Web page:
Caveats: The number of counties is small, and the groups unequal in size; this means that the probability of the results occurring by chance may be somewhat greater than quoted. It is also possible that a county's choice of machine or voting pattern may be influenced by a third factor that also influenced voter behaviour. The magnitude of the apparent effect of voting machine type on voter behaviour nonetheless would seem to warrant investigation.


PART 3

Cross-party voting in Florida seems to depend on the local voting technology

by Josh Mitteldorf

The day after the election, Kathy Dopp noticed a pattern in Florida’s voting that seemed to relate to the type of voting machine used in each county (see data above). Nationwide, exit polls showed that 90% of party-registered voters tend to vote for the party to which they are registered. In Florida ’04, counties that used electronic touch-screen voting showed a shift from this expectation toward Kerry; but among counties that used opti-scan paper ballots, there was a shift toward Bush.

One suggested explanation for this pattern was that it was small counties that haven’t yet made the switch to electronic technologies, and in these areas "Dixiecrats" tend to register Democrat for local elections, but vote Republican in national elections. To test this hypothesis, Elizabeth Liddle refined Dopp’s study, eliminating the smallest counties, all of which used the opti-scan technology, and also the largest counties, which tended to use the touch-screen machines. There remained 26 mid-size counties, 8 of which use touch-screen and 18 use opti-scan. Within this group, there is no significant relationship between county size and voting technology.

A significant, unexplained relationship remained between voting technology and party shift. In the graph, opti-scan counties are represented by blue markers and touch-screen counties by red markers. County size is plotted horizontally, and party shift is the vertical axis. Upward displacement represents unexpected votes for Bush, and downward displacement is unexpected votes for Kerry. It is easy to see that the opti-scan counties shifted toward Bush, while touch-screen counties show a smaller shift toward Kerry.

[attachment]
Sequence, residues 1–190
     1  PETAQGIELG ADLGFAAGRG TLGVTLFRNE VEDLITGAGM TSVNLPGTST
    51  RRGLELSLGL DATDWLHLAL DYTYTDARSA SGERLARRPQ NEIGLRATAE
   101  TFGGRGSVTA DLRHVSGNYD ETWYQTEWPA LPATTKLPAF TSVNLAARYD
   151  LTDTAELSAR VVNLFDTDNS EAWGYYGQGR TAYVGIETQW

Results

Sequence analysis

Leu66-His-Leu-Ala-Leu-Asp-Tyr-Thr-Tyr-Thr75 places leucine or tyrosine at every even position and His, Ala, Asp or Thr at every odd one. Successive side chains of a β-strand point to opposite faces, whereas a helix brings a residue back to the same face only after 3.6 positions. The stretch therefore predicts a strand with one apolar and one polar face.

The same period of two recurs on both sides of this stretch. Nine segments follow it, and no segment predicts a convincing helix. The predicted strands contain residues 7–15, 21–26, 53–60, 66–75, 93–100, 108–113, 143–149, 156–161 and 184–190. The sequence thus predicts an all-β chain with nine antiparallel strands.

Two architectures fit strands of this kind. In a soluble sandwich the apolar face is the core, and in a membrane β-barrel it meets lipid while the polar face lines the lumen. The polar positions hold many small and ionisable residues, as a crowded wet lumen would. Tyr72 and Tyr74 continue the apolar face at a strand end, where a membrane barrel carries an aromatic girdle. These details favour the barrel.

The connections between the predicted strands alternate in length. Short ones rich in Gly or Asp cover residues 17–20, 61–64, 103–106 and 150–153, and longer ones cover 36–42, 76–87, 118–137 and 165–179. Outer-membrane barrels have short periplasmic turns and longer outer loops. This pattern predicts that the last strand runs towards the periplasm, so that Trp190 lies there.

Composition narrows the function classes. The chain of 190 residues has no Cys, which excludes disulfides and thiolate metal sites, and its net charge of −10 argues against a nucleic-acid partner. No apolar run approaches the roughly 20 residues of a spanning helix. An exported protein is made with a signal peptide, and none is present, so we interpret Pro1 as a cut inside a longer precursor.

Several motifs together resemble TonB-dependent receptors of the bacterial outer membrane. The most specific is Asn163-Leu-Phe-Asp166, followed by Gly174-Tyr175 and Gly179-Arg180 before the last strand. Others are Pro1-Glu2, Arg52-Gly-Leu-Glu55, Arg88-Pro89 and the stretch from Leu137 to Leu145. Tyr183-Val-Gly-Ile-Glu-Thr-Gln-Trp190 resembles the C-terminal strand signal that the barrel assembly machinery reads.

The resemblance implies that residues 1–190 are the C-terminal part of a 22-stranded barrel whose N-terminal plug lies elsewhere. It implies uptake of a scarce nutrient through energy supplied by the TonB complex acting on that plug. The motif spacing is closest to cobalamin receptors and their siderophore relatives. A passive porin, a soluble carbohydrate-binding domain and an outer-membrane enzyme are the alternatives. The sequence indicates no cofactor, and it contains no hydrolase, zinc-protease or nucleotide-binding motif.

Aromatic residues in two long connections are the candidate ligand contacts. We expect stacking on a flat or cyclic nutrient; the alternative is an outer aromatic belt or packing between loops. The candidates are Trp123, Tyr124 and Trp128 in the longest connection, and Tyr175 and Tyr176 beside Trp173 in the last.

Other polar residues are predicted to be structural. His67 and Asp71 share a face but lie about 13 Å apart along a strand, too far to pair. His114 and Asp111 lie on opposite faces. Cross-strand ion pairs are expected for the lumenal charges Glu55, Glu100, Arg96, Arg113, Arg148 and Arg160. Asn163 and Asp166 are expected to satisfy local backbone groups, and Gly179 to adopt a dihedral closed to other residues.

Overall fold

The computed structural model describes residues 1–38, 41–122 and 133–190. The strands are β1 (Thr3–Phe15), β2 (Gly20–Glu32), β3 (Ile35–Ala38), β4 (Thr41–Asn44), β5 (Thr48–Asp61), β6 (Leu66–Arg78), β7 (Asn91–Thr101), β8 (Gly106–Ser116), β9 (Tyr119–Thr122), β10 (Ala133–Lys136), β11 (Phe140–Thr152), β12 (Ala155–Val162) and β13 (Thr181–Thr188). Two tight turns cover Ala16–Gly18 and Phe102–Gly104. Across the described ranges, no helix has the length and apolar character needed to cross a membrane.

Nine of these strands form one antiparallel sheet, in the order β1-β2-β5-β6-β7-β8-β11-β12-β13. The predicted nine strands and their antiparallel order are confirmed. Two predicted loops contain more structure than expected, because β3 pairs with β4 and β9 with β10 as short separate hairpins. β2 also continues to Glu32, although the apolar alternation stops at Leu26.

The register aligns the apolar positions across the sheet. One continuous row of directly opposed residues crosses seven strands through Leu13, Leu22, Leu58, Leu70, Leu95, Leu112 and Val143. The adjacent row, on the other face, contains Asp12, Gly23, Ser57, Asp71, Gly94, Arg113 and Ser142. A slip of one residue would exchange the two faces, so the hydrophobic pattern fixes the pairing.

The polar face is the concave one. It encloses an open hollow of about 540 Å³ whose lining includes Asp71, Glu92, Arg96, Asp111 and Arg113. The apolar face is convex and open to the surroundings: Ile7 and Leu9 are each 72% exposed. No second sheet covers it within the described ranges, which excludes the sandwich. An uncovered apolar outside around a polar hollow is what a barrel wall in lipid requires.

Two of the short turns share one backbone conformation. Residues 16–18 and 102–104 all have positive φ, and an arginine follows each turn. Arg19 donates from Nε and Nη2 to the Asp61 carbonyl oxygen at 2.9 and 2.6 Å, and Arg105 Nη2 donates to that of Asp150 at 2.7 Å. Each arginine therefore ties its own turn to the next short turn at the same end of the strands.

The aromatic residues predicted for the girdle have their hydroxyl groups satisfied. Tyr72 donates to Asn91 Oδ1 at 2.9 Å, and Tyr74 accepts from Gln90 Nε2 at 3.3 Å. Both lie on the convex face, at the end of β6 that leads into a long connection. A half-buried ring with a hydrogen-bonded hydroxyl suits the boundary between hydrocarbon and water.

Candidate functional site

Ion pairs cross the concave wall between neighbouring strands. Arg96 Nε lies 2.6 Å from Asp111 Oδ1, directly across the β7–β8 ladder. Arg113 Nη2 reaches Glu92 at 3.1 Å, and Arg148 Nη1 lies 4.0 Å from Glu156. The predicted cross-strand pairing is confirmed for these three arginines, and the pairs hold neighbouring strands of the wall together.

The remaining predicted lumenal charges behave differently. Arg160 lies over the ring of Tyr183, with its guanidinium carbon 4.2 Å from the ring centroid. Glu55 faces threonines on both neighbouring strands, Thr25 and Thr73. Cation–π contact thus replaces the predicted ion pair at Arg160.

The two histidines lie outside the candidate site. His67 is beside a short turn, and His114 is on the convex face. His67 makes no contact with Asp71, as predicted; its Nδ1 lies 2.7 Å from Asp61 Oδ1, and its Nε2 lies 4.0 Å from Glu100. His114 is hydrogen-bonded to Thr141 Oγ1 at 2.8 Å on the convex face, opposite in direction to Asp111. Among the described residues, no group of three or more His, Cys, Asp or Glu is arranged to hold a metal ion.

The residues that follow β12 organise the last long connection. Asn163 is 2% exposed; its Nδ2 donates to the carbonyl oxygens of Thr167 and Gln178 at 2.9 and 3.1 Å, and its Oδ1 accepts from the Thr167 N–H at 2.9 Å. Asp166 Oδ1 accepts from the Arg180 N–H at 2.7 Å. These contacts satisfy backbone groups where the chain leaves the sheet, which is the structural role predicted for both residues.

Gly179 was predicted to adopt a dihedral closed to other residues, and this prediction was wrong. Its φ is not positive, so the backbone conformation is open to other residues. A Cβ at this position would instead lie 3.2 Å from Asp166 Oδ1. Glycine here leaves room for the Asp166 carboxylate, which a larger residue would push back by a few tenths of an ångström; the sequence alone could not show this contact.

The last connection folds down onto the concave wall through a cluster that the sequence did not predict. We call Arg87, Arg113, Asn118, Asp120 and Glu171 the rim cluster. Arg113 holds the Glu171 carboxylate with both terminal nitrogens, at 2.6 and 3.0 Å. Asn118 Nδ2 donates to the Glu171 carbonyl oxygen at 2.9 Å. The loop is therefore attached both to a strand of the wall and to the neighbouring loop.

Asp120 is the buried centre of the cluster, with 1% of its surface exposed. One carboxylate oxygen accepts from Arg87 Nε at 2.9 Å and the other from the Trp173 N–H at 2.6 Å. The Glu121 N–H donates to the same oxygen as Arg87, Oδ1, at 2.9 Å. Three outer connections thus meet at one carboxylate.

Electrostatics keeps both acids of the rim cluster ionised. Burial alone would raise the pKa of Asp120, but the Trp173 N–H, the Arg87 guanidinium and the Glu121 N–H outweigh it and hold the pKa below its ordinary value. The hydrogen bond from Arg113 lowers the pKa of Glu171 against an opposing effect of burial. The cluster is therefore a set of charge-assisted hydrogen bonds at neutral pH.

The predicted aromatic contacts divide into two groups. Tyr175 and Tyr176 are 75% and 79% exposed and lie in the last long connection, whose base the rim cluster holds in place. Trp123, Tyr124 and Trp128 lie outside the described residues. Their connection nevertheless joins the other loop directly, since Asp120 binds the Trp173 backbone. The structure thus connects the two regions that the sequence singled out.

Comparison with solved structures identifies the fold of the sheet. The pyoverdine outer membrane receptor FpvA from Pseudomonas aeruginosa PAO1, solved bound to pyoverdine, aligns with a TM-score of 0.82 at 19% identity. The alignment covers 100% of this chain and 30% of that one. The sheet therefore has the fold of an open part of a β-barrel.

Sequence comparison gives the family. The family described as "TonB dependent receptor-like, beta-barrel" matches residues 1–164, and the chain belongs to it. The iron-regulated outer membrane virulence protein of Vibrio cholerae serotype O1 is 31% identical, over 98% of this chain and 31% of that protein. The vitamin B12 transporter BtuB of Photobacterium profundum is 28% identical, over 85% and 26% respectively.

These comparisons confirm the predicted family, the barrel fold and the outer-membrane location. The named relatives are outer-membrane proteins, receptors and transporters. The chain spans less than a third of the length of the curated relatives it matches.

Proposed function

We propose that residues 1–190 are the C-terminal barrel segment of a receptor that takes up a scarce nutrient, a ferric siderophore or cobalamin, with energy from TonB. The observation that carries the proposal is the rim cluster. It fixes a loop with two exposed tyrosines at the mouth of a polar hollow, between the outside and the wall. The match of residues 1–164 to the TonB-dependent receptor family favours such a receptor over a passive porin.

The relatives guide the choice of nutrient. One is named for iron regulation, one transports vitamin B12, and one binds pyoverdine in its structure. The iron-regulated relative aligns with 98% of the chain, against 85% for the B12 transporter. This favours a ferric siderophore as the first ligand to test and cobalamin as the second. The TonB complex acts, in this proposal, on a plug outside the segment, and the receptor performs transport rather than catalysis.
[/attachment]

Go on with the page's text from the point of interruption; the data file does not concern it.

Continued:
On this map, just the 26 mid-size counties are shown in color. Red means opti-scan and blue means touch-screen. The opti-scan counties tended to be more in the north of the state. Still, the effect can be observed in mixed areas like the Southeast. On the right of the map, near the bottom, Red St Lucie County is sandwiched between Martin and Indian River Counties, both Blue. St Lucie County shifted to Bush, while Martin and Indian River shifted to Kerry.

Technical description of the analysis

The registration percentage was defined as R/(R+D), such that independent and third-party registrants were not part of the measure. Similarly, voting percentage was defined as Bush/(Bush+Kerry). Party shift was defined as the difference between Republican voting percentage and Republican registration percentage.

In touch-screen counties, mean party shift was -2.9% in the D direction, with a standard deviation of 3.5% (z=2.3, n=8). In opti-scan counties, mean party shift was +6.0% in the R direction, with a standard deviation of 4.9% (z=5.2, n=18).

Analysis of Variance was performed on party shift as a dependent variable, with county size and voting machine type as the two independent variables. There was no significant relationship between county size and party shift (p=0.6), but the relationship between voting technology and party shift was highly significant (p=0.00026).

Corresponding analysis for results of the 2000 election showed a similar pattern, though less pronounced.

Touch-screen: mean party shift was -6.1% stdev=3.8%, (z=4.5, n=18)

Opti-scan: mean party shift was +4.0% stdev=7.4%, (z=2.3, n=18)

ANOVA: significant relationship between ’04 voting technology and ’00 party shift (p=0.0023) but not county size and party shift (p=0.4).

Note that the same counties were analyzed with the same division, based on '04 voting technology, even though that technology was not in place in most of these counties in 2000.